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Termination of Employment Contracts in Germany

1. Grounds for Termination

Under German law, the employment can be terminated by mutual consent, by expiry of a fixed-term contract or by notice given by one of the two parties. Protection against dismissal is divided into general and special protection. Special protection is provided to employees who generally face a greater risk of dismissal such as handicapped or pregnant employees and members of the works council. In such cases, the permission of relevant government authorities is required prior to issuing a termination.

As to the general protection, the freedom of the employer to dismiss an employee is substantially restricted by the German Act on Protection Against Unfair Dismissal (KSchG). The act applies if: 1) a business establishment has generally more than ten employees; and 2) the employee has worked in the same company or business establishment for six months without interruption.

In case of severe breach of obligation, the employment can also be terminated for cause with immediate effect by either party without observing a notice period. Among the valid reasons for immediate termination are crimes against the employer.

2. Collective Dismissals

Dismissals by reason of redundancy are considered ordinary dismissals under the German KSchG. In addition, specific rules apply if the dismissals form part of a collective dismissal; e.g. prior notice must be given to the competent employment agency. In case of a so-called operational change of business such as the closure of business, collective dismissals additionally require the negotiation of a social plan and the attempt to negotiate a reconciliation of interests with the works council if the undertaking employs more than 20 employees.

3. Individual Dismissals

If the KSchG applies, a notice is only legally effective if it is “socially justified”. Pursuant to Section 1 KSchG, a termination is justified only if it is based on reasons related to: 1) the person; 2) the conduct of the employee; or 3) compelling operational requirements which preclude the continued employment of the employee in the establishment. Notice must be given in writing and signed by the employer in order to be legally effective. All other forms of notice (i.e., those given orally or by email or fax) are void. Terminations without information/hearing of the works council (if in place) are also void.

The employee has the option to object to a dismissal. In such case, he/she must file a complaint with the labour court within 3 weeks of receipt of the termination notice. If the dismissal is void, the employee is entitled to reinstatement and continued remuneration by the employer.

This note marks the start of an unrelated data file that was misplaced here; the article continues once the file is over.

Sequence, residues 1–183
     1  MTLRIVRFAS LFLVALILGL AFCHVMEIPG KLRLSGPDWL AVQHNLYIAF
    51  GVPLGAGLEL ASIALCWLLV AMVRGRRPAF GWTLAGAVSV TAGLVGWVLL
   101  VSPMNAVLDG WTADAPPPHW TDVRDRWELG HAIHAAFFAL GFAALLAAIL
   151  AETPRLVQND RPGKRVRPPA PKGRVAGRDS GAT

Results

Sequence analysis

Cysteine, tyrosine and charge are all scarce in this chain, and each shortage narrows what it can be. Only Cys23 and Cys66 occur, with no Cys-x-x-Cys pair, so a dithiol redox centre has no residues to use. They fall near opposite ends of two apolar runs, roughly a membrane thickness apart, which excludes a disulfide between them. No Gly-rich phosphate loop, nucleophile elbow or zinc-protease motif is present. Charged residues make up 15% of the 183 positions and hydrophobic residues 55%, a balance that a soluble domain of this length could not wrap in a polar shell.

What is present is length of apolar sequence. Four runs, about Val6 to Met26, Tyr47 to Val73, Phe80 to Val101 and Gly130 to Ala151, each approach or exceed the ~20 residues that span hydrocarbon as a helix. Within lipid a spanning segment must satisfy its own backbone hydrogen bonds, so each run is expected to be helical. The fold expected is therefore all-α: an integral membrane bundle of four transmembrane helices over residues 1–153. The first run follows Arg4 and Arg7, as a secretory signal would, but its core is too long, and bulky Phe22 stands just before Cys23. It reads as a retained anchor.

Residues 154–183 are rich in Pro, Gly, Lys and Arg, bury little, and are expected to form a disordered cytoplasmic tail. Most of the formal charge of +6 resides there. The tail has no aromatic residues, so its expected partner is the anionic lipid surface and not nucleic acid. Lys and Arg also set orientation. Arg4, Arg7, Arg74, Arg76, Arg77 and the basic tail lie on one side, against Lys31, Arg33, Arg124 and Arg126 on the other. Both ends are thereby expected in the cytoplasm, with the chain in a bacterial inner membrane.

a. Is a severance pay required?

Severance payments are paid at the end of employment in the following cases: 1) the employment agreement provides for a contractual severance payment; 2) the parties agree upon a severance payment (in or out of court); 3) the court dissolves the employment against payment of severance if it finds that despite the invalidity of the termination, continued employment would be intolerable either for the employer or the employee; or 4) a social plan concluded with the works council in connection with a mass dismissal provides for severance payments.

4. Separation Agreements

a. Is a Separation Agreement required or considered best practice?

Due to the high standards of protection against dismissal, it is not uncommon for the employment to be terminated by contract between the employer and employee, i.e. a termination agreement. This may occur at any time with or without severance payment.

b. What are the standard provisions of a Separation Agreement?

In a separation agreement, typically the following conditions are regulated:

  • termination date
  • severance payment
  • outstanding bonus payments
  • release from duty to work by offsetting any holiday claim
  • confidentiality
  • letter of reference
  • return of company documents and work items
  • settlement clause

c. Does the age of the employee make a difference?

Underage persons are generally only able to conclude a separation agreement with the approval of their legal representatives, regularly their parents. With respect to age discrimination, especially regulations in social plans need to be drafted with due care.

d. Are there additional provisions to consider?

Besides the standard provisions of a separation agreement, the parties should consider to agree upon additional provisions, such as:

  • company car
  • outplacement service
  • company pension
  • post-contractual non-compete
  • communication regulation

5. Remedies for employee seeking to challenge wrongful termination

As there is generally no statutory entitlement to severance payments in Germany, the employee can only claim reinstatement.

For more information on these articles or any other issues involving labour and employment matters in Germany, please contact Tobias Pusch, Partner at Pusch Wahlig Legal (www.pwlegal.net) at pusch@pwlegal.net
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